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In this installment of “Conversations at the Newberry,” David Denby and Adina Hoffman discuss the life and work of the brilliant chameleon Ben Hecht: sardonic Chicago newspaperman, scandal-seeking novelist, celebrated playwright, outspoken activist for Jewish causes, and the man Pauline Kael called “the greatest American screenwriter.”
About the speakers:
David Denby is a staff writer at The New Yorker and author of an extended introduction to a new edition of Hecht’s 1954 autobiography, A Child of the Century. His books include American Sucker; Snark; Do the Movies Have a Future?; and Great Books: My Adventures with Homer, Rousseau, Woolf, and Other Indestructible Writers of the Western World. He has also published a collection of his film criticism from The New Yorker and a study of high-school English teaching entitled Lit Up. He is currently working on a group biography of four Jewish Americans: Leonard Bernstein, Betty Friedan, Norman Mailer, and Mel Brooks. In 1991, he received a National Magazine Award for three of his articles on high-end audio. Before joining The New Yorker, Denby was film critic at New York magazine. His writing also has appeared in The Atlantic, The New York Review of Books, and The New Republic.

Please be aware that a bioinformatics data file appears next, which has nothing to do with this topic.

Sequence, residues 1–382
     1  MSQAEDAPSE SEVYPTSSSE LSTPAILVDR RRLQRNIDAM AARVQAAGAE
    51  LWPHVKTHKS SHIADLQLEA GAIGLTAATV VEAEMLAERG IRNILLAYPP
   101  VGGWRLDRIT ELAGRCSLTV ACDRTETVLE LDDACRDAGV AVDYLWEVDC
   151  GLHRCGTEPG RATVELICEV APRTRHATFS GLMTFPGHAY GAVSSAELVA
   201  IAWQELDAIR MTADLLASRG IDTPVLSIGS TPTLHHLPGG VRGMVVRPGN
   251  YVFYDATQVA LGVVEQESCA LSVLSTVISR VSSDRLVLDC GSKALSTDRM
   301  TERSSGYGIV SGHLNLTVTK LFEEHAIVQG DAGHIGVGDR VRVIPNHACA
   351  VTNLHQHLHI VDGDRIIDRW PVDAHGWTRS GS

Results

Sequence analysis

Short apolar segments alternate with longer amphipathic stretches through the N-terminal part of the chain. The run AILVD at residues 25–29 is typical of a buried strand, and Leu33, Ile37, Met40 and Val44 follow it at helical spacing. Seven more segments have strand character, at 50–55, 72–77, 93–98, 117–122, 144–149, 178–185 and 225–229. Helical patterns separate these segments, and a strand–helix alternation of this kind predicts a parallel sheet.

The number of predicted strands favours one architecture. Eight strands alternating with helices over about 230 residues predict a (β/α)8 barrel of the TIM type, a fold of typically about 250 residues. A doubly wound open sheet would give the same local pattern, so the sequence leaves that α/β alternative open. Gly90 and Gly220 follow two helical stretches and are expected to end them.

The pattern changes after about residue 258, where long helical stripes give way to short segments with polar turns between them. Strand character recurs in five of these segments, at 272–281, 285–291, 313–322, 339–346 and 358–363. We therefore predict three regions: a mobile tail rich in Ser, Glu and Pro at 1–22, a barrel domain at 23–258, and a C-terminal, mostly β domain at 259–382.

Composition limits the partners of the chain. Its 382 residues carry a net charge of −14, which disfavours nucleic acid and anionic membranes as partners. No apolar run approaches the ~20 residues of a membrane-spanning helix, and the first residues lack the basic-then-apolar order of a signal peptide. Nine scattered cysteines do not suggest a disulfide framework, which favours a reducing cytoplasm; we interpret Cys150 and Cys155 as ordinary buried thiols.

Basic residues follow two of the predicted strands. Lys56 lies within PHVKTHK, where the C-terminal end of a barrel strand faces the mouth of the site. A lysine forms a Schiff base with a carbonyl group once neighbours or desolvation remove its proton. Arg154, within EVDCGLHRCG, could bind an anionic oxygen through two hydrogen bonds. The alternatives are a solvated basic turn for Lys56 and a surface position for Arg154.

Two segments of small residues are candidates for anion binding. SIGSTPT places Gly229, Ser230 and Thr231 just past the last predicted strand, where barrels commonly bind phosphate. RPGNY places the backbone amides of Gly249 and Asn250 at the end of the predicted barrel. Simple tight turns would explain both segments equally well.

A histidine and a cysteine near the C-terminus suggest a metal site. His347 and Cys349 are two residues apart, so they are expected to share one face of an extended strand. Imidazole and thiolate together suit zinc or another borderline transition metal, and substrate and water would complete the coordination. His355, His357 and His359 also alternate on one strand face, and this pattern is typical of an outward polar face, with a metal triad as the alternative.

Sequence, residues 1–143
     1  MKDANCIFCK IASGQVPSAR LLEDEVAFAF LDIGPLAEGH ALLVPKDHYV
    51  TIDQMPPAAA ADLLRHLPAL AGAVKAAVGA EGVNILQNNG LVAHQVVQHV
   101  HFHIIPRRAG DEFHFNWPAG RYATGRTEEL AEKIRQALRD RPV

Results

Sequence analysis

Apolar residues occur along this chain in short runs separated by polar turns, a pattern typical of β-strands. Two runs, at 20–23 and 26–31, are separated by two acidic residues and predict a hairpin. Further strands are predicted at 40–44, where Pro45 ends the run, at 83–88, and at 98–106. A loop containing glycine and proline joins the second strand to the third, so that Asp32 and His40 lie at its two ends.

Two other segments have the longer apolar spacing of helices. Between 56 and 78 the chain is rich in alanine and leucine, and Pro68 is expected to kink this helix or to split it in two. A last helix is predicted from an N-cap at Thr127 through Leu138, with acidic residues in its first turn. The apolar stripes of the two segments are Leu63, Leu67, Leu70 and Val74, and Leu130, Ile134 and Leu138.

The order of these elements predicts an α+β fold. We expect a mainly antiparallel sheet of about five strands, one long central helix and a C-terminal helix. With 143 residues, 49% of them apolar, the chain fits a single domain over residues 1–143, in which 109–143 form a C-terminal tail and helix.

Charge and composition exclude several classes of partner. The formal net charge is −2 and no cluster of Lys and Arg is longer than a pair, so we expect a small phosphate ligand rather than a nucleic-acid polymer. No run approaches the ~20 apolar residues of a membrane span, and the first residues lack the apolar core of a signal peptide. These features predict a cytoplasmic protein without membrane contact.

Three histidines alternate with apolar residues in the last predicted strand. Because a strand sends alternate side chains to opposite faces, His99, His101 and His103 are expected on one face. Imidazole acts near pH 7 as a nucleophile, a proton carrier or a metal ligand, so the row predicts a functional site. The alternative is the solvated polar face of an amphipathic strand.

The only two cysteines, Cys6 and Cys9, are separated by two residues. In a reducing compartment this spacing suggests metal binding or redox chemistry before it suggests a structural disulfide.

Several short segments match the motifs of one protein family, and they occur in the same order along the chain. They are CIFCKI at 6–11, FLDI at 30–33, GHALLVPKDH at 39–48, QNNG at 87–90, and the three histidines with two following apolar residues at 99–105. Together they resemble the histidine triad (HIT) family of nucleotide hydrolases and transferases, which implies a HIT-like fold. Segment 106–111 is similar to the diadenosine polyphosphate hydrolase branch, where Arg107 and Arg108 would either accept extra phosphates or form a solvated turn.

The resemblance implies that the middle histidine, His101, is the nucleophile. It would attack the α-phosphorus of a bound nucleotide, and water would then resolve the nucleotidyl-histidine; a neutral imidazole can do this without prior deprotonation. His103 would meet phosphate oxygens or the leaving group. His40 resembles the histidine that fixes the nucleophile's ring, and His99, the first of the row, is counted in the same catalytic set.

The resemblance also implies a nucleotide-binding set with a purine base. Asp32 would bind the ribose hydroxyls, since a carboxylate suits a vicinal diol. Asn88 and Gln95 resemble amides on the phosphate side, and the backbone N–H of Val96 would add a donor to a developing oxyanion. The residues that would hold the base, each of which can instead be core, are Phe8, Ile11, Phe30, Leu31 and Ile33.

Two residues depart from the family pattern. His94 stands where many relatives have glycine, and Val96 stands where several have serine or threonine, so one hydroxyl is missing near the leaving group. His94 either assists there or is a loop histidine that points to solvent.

Adina Hoffman is an essayist and biographer whose recent book Ben Hecht: Fighting Words, Moving Pictures was a finalist for the 2020 PEN/Jacqueline Bograd Weld Prize for Biography and was named one of the best paperbacks of the year by the Sunday Times, which dubbed it “a revelation.” Her other books include My Happiness Bears No Relation to Happiness: A Poet’s Life in the Palestinian Century; Till We Have Built Jerusalem: Architects of a New City; and, with Peter Cole, Sacred Trash: The Lost and Found World of the Cairo Geniza, which won the American Library Association’s Sophie Brody Award for Outstanding Achivement in Jewish Literature in 2012. Hoffman is formerly a film critic for the Jerusalem Post and the American Prospect; her essays and criticism have appeared in the Nation, the Washington Post, the New York Times, the Times Literary Supplement, Raritan, Bookforum, the Boston Globe, and on the World Service of the BBC. A Guggenheim Foundation Fellow and one of the inaugural winners of the Windham Campbell Literary Prizes, she lives in Jerusalem and New Haven.
Donated by Rose Hecht, the Ben Hecht Papers at the Newberry Library includes letters, artifacts, and manuscripts that illuminate Hecht’s career as a journalist, novelist, playwright, and Hollywood screenwriter.
“Conversations at the Newberry” is generously sponsored by Sue and Melvin Gray.
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